“Lorenz & Zimbelman nicely describe their book as ‘a travel guide to the research landscape’. … Dune Worlds contains numerous fascinating illustrations. … The various images of dune fields from space are very beautiful. I thoroughly enjoyed dipping into this book and can warmly recommend it.” (Richard McKim, The Observatory, Vol. 135 (1246), June, 2015)
“This book is likely to become the new ‘go to’ overview of windblown sand, dunes, and eolian landscapes, especially for those whose perspective transcends Earth. … The book is nicely illustrated with examples of virtually everything discussed … . For an entrée to the world of sand dunes throughout the solar system, this reviewer cannot think of a better place to start. Summing Up: Highly recommended. Upper-division undergraduates and above.” (B. M. Simonson, Choice, Vol. 52 (4), December, 2014)
Dr Ralph Lorenz trained as an engineer (B.Eng. Aerospace Systems Engineering, Southampton 1990) and worked for a year for the European Space Agency ESA on the design of the Huygens probe and its instruments. He then spent three years obtaining a PhD at the University of Kent at Canterbury building part of the Surface Science Package which measured Titan’s surface properties in January 2005. In 1994 he moved to the University of Arizona for postdoctoral research, where his interests have included Titan, Mars, climate, nonequilibrium thermodynamics and instrumentation. He continues these researches as a member of the Senior Professional Staff at the Applied Physics Laboratory of Johns Hopkins University, where he moved in August 2006. Relevant to the present book, he has published several papers on dust devils, surface modification processes, and Aeolian processes - most recently reporting the discovery of massive fields of sand dues on Titan. Lorenz has written over 100 papers in rhe refereed literature and over 20 polular articls in magazines such as Spaceflight, Astronomy Now and New Scientist.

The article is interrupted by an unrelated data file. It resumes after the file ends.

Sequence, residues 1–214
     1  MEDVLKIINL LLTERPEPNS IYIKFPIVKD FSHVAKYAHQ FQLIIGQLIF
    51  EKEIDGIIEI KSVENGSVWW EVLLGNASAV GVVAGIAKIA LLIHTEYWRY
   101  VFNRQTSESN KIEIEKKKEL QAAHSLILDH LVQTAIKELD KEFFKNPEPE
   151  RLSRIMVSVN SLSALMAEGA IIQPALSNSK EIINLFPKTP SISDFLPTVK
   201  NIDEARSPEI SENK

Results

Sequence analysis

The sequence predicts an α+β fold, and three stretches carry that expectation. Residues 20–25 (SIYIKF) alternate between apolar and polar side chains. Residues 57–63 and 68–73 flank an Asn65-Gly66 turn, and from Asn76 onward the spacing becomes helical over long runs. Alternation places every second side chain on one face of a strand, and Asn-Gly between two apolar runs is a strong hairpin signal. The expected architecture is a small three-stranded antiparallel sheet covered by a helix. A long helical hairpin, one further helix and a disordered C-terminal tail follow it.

James Zimbelman has been a Geologist at the Center for Earth and Planetary Studies, National Air and Space Museum, Smithsonian Institution, Washington, D.C for nearly 20 years. His principal interest is Planetary Geology - Geologic analysis of remote sensing data of Mars, geologic mapping of Mars and Venus, study of long lava flows on the terrestrial planets and field studies of volcanic, aeolian and pluvial features. He has published over 50 peer-reviewed papers and maps and several hundred abstracts